Sunak vs. Truss: who is best for small businesses?

As the Tory leadership race reaches its final round, we compare policies to see who is the better choice for small business owners.

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Written and reviewed by:
Helena Young
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It was only eight weeks ago that Boris Johnson was standing outside 10 Downing Street, announcing his resignation with an emotional and patriotic goodbye: “them’s the breaks”.

Since then –  while SMEs contend with one of the worst economic crises of their lifetime – the government has been searching for its new leader. There’s been thousands of televised debates, hundreds of headlines, and ten dropouts so far in the Tory leadership election.

Now, just two contenders remain to ferry the UK through an impending recession. On 5 September, either Rishi Sunak or Liz Truss will take up the post of prime minister, making them the fourth to do so in less than ten years.

Below, we’ve analysed each candidate’s proposed policies, voting histories, and previous stances to see which will be the better choice for small businesses come September.

Sunak vs. Truss: tax and spending

Perhaps the most pressing issue facing today’s small businesses is the rapid rise in inflation, which is currently threatening profit margins and sending overheads surging.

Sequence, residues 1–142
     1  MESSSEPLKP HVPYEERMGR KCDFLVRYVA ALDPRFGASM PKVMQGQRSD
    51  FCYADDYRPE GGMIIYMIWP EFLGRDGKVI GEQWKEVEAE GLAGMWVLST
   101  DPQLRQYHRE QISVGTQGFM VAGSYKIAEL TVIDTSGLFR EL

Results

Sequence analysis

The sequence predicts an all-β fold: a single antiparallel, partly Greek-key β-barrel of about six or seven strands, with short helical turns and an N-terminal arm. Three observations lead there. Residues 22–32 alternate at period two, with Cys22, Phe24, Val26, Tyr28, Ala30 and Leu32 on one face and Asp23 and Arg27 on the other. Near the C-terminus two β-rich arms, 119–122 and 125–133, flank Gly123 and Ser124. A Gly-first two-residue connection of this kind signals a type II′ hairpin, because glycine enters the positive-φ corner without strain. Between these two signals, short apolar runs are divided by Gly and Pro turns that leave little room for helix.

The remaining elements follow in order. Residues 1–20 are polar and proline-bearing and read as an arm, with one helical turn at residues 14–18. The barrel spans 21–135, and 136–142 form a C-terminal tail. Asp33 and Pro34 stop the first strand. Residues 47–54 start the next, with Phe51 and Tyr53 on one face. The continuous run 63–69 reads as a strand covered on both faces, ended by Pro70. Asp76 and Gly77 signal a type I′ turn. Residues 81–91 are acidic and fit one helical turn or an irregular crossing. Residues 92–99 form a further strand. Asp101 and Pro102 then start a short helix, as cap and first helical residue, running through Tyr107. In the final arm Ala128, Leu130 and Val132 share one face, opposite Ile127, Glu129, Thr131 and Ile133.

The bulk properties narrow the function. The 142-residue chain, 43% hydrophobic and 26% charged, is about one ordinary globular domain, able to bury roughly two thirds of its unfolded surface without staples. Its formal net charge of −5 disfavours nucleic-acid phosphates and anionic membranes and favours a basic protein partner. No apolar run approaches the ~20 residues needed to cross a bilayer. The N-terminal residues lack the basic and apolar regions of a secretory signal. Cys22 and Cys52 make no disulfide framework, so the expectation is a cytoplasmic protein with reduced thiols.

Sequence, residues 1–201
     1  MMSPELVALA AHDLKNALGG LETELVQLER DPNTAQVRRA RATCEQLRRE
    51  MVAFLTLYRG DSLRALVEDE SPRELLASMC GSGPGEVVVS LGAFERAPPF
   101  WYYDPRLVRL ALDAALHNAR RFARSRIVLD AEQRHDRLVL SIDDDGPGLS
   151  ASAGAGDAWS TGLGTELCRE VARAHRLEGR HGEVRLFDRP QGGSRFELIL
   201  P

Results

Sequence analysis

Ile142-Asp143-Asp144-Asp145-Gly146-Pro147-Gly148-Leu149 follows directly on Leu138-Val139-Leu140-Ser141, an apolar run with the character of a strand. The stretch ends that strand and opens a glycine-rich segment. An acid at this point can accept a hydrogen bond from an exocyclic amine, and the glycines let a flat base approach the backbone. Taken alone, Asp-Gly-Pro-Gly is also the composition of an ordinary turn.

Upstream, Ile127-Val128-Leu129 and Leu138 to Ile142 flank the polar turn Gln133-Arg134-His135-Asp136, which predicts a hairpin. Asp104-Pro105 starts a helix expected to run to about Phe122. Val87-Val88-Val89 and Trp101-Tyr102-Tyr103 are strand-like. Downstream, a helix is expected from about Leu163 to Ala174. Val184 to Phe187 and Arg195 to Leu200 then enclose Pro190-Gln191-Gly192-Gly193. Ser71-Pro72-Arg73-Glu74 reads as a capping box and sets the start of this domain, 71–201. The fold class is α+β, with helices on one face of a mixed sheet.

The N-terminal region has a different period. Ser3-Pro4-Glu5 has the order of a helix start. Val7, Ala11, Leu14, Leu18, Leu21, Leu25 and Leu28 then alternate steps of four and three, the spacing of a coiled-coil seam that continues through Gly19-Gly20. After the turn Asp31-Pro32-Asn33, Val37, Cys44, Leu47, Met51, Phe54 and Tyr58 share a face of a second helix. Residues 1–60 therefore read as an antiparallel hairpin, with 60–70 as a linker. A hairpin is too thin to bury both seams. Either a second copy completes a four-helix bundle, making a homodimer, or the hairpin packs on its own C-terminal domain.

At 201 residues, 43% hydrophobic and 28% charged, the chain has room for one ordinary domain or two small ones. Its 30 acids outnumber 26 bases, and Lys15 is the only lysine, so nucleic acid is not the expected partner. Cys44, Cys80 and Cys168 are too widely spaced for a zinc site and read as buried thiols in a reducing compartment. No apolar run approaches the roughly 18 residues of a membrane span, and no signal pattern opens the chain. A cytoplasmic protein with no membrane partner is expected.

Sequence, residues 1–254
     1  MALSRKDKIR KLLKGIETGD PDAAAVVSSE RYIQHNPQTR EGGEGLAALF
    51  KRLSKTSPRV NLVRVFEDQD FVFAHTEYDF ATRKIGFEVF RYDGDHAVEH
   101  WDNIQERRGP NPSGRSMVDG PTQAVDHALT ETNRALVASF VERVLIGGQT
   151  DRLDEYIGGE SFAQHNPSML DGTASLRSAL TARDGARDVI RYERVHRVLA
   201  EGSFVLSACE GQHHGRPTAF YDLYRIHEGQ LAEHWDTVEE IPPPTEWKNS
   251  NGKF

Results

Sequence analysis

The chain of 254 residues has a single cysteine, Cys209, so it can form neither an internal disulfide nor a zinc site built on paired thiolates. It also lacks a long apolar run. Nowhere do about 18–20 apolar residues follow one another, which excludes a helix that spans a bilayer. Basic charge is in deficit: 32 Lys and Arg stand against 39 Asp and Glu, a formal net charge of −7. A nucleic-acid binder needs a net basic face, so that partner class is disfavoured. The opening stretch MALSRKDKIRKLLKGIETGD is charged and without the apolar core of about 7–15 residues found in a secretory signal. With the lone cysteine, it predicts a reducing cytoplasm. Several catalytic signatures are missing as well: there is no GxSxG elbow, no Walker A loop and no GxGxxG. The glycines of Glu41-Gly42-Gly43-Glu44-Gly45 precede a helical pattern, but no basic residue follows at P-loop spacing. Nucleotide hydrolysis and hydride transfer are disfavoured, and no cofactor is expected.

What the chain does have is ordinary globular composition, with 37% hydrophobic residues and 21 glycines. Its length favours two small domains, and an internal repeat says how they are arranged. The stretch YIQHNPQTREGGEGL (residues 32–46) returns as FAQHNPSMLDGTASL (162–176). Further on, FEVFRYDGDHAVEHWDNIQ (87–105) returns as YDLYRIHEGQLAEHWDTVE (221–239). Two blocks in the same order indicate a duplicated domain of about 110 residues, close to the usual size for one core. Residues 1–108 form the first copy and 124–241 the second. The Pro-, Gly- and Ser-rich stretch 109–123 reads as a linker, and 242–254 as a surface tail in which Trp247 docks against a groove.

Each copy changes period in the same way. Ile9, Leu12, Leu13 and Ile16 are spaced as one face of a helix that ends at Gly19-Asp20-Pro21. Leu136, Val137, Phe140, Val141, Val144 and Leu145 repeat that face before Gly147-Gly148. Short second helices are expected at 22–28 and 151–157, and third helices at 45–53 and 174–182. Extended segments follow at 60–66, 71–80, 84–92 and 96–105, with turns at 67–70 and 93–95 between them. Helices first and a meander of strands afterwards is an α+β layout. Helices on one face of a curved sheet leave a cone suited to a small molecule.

New tax pressures, such as an increase in National Insurance, have also added to SME budgeting woes. So how does each candidate fare when it comes to tax and spending?

As chancellor, Rishi Sunak oversaw the country’s finances throughout the pandemic. He was behind many COVID-19 support loans – several of which were praised. However, Sunak has also faced criticism for “ignoring” SMEs in the spring budget.

Should he be elected, Sunak has been careful to promise any big help measures. He says he plans to reduce taxes only “once we’ve gripped inflation”.

Truss has been much bolder with her outlined policies, with planned cuts to national insurance, corporation tax, and VAT. She says she will pay for these by spreading the UK’s debt from COVID-19 over a longer period.

National InsuranceAs chancellor, raised National Insurance by 1.25 percentage points. Also raised the earnings level at which National Insurance starts to be paid to £12,570Has vowed to reverse the rise in National Insurance in September, by using an emergency budget
Corporation TaxHas announced plans to increase corporation tax from 19% to 25% in April 2023Pledges to scrap Sunak’s planned rise in corporation tax
VATMade a U-turn earlier this year to pledge scrapping 5% VAT rate on household energy for one year Has floated a plan to slash current 20% VAT rate to 5%
Income TaxPledges to cut basic rate of income tax by 1p in April 2024 and a further 3p by the end of the next ParliamentIs “considering” raising personal allowance (the tax-free level above which people begin paying income tax)